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“You shall eat the fruit of the labor of your hands; you shall be blessed, and it shall be well with you.” (Psalm 128:2)

A neighbor of mine told me recently about a new piece of lawn equipment he had purchased. As he began to study the owner’s manual, he noticed that every page contained boldly highlighted sentences accentuated with one of two words – Warning or Danger. After reading the many cautionary notices, he said that initially he was somewhat intimidated to use his new device. Then he chuckled a little and stated that he also realized it was the company’s way of limiting their exposure to lawsuits. After all, if the risks were presented to the purchaser, then the manufacturer would have an argument that they made a good faith effort to “let the buyer beware.” His story reminded me of a case I was part of many years ago as I served on jury duty. The situation involved a worker who had become injured while performing normal job duties. The verdict rested on whether or not the employee had received adequate training and had properly applied that training to prevent the injury he had sustained.

One of the greatest warnings ever was issued by God to Adam. “The LORD God placed the man in the Garden of Eden to tend and watch over it. But the LORD God warned him, “You may freely eat the fruit of every tree in the garden–except the tree of the knowledge of good and evil. If you eat its fruit, you are sure to die” (Genesis 2:15-17). A serpent tempts Eve, and through her, Adam, to eat from the tree of forbidden fruit. Because he disobeyed what God had commanded, God said: “By the sweat of your brow will you have food to eat until you return to the ground from which you were made. For you were made from dust, and to dust you will return” (Genesis 3:19). Note that in both situations, God continues to provide. In Eden, He provided abundantly.  But when the earth was cursed (Genesis 3:17) following their temptation, they were banished from the Garden. Adam became forced to work the ground from which he had been taken.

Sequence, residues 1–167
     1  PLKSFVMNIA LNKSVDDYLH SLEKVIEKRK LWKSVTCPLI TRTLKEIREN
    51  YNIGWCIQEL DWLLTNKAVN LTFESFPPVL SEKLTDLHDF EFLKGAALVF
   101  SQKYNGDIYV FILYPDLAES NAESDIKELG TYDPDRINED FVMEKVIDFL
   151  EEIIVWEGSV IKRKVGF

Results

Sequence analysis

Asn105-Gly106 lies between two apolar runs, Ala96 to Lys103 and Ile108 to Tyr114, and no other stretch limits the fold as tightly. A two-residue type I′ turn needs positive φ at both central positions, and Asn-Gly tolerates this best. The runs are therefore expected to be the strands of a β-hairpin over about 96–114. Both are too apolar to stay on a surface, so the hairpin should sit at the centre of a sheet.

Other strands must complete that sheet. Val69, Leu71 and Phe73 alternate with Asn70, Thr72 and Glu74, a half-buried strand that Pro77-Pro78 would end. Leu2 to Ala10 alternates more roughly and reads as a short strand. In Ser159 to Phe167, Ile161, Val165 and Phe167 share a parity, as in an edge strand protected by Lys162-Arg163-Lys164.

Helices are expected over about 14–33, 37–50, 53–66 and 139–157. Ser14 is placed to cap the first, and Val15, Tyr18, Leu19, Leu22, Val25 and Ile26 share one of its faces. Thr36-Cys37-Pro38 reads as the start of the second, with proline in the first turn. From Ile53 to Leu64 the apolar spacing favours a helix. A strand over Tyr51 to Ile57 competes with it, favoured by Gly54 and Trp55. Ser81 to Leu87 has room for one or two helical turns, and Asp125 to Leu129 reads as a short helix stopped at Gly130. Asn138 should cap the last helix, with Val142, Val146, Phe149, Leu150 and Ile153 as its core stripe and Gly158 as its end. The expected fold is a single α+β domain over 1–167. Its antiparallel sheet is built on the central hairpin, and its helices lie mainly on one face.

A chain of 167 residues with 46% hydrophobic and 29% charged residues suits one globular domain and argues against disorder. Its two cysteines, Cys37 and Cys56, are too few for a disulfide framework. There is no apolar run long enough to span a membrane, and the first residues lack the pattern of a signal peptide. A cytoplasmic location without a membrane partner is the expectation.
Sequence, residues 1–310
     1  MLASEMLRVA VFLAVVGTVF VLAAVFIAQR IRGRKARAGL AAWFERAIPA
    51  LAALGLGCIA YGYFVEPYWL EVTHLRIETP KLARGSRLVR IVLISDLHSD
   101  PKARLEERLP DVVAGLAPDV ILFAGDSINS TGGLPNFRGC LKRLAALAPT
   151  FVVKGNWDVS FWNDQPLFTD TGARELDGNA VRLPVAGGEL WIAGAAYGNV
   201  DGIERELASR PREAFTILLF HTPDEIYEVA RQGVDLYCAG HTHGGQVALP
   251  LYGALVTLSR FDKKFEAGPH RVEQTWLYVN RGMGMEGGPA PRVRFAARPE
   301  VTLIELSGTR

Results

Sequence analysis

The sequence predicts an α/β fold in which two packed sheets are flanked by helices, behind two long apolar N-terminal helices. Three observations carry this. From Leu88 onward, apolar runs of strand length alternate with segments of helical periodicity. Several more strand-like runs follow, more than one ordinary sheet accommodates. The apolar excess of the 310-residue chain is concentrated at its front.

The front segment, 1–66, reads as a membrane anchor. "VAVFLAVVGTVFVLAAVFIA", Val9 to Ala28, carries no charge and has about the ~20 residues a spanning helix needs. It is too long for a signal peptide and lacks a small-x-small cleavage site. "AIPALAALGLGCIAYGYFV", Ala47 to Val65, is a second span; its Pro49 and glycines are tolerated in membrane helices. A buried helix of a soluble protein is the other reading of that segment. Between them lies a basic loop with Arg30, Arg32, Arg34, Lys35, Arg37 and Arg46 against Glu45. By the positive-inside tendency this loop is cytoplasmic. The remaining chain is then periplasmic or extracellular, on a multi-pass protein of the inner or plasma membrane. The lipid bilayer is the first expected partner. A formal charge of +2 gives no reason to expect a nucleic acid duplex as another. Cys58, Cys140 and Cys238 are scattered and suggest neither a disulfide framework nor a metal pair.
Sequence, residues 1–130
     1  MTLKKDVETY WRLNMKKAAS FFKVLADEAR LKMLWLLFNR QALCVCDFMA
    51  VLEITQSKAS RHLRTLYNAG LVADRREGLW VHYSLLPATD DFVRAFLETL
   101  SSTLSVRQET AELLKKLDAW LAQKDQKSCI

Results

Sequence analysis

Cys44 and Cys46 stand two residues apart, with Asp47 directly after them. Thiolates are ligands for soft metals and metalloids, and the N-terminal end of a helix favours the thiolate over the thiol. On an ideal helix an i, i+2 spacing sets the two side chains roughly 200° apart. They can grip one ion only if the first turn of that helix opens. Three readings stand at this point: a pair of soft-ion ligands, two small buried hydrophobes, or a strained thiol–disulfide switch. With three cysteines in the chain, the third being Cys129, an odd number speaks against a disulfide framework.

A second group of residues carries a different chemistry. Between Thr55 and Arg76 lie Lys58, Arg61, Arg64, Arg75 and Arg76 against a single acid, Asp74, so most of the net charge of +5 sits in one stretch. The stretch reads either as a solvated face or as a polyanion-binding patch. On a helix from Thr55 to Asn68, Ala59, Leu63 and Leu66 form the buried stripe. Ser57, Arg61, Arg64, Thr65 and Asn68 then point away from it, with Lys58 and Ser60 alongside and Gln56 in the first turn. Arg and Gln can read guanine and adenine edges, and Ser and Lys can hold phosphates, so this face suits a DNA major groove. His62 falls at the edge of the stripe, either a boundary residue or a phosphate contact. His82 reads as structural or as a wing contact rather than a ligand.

Our relationship with Christ should be like a well-tended garden. We have to maintain a daily regime of weeding and watering in whatever labor God has set before us. Sometimes its tedious and tiring, but whatever our status in life – the work which God has placed before us is a gift. Whether we are a physicist or a janitor, a volunteer or a homemaker, a sitter for a young child or a caregiver to an older dependent person – the outcomes of your daily routine most likely benefit someone else. God would again caution us that whenever we are engaged in the task of helping others, we should do it to the best of our ability. Regardless of how menial we might feel about our work, we should never allow the weeds of life to choke out what He is doing for and through us. We should therefore rejoice that every day is Labor Day, and “work hard so you can present yourself to God and receive his approval. Be a good worker, one who does not need to be ashamed and who correctly explains the word of truth” (2 Timothy 2:15).

Just like Adam and Eve in Eden, those who do not obey and are ungrateful for His provision will suffer from the consequences. When we are obedient and we choose to follow God’s warnings, we will find ourselves in the shelter of His love. Sadly, most of the warnings God sent through His prophets were disregarded, and millions suffered terrible consequences as a result. Bible prophecy indicates that our nations will not heed His warnings. “For a time is coming when people will no longer listen to sound and wholesome teaching. They will follow their own desires and will look for teachers who will tell them whatever their itching ears want to hear. They will reject the truth and chase after myths. But you should keep a clear mind in every situation. Don’t be afraid of suffering for the Lord. Work at telling others the Good News, and fully carry out the ministry God has given you” (2 Timothy 4:3-5). Our ministry is that which God has set before us. We should regard it as a cherished gift and gratefully work His garden.

REFLECTION: Norman Vincent Peale once said – “Four things for success: work and pray, think and believe.” Can you apply his wisdom to address areas in your life which would enable you to be a more effective servant? In what ways might you ask God to be more sensitive to His warnings and guidance through your daily routine of work?


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